Strategies for Measuring Quality Care in Healthcare Organizations in the United States

Chichi Kate Everhart, Walden University



According to members of the Institute of Medicine, about 98,000 hospitalized

patients in the United States die each year because of poor quality care. The problem of

poor healthcare quality may exist in part due to limited information on effective

performance measurement processes. A multiple case study design was used to gain

broad insight into possible solutions to the problems of determining the quality of

healthcare services using performance measurements. Hospital/healthcare organization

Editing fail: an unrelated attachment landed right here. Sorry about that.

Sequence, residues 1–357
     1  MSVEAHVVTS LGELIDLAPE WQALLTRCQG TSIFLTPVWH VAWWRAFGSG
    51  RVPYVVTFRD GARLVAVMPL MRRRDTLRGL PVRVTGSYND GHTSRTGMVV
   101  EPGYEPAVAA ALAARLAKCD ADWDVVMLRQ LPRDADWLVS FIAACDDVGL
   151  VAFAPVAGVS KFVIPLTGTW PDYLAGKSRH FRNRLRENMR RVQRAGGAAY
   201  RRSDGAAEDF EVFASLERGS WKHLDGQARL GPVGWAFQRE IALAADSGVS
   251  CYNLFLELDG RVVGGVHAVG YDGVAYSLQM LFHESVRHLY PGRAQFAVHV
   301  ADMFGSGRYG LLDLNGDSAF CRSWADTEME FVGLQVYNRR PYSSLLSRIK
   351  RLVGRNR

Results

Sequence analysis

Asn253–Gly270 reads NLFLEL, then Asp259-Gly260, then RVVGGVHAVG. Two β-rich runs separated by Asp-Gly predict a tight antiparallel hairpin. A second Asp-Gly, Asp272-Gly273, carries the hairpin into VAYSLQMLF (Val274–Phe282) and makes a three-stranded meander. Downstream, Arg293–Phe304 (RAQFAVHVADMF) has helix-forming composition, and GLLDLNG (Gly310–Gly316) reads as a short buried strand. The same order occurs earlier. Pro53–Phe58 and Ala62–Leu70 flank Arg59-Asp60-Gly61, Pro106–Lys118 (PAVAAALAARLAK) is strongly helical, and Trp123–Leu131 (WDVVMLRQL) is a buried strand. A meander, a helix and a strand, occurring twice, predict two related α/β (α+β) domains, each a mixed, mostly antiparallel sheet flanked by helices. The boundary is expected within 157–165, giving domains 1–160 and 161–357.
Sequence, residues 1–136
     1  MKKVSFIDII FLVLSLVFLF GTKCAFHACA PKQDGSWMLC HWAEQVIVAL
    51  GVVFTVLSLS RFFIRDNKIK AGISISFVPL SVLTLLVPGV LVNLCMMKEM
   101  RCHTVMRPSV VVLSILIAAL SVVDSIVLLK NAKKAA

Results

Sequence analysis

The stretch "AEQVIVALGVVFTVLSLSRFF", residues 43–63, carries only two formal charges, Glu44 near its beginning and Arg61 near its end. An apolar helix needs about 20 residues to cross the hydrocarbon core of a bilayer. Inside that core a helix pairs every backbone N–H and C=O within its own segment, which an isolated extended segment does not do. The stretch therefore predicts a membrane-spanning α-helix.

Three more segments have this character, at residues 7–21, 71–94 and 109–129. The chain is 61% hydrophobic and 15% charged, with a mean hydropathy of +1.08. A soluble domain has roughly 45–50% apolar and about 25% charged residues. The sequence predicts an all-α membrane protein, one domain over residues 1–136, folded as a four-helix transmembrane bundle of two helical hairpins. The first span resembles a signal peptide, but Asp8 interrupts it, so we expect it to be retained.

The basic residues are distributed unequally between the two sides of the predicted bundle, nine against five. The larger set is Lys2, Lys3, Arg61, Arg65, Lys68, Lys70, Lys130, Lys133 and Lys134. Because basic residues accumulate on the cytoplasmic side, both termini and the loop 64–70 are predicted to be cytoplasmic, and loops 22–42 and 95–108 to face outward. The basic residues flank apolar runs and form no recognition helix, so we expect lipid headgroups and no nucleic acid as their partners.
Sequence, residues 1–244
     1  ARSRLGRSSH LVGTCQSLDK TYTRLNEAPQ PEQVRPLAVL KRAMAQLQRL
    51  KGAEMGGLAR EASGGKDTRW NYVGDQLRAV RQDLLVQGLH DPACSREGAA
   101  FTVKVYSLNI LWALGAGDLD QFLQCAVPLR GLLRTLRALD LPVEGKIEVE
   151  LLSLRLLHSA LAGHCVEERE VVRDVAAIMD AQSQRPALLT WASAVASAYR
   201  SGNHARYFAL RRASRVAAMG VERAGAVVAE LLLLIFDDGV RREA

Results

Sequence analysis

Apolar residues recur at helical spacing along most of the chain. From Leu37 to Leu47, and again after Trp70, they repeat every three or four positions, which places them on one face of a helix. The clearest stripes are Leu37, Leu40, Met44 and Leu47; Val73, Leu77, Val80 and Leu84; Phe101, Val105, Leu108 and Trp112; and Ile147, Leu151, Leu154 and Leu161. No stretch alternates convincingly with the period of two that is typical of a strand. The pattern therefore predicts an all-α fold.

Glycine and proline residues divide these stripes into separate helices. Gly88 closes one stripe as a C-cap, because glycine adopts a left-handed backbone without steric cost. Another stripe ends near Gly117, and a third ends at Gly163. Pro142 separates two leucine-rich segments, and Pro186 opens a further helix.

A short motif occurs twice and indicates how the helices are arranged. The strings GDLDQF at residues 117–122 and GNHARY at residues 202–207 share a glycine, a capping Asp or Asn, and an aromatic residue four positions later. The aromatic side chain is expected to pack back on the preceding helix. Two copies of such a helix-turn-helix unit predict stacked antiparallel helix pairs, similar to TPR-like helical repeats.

leaders in North Carolina who had implemented optimal performance measurements for

quality care were interviewed. The conceptual frameworks that served as a proposition

for the study were Goldratt's theory of constraint, Deming's 14 point model and Lewin's

model of the change process in human systems. The data collection process involved

semistructured interviews of 12 individuals. Data sources and conceptual framework

triangulations were used in the data analysis process(coding approaches, study

dependability, credibility, transferability methods and case study protocol use) . The

themes that emerged from the study were strategies for performance measurement and

strategies to enhance service quality in healthcare organizations etc. Results might

contribute to social change by helping healthcare leaders and patients improve their

knowledge and understanding of optimal performance measurement strategies, which

may effect positive organizational changes.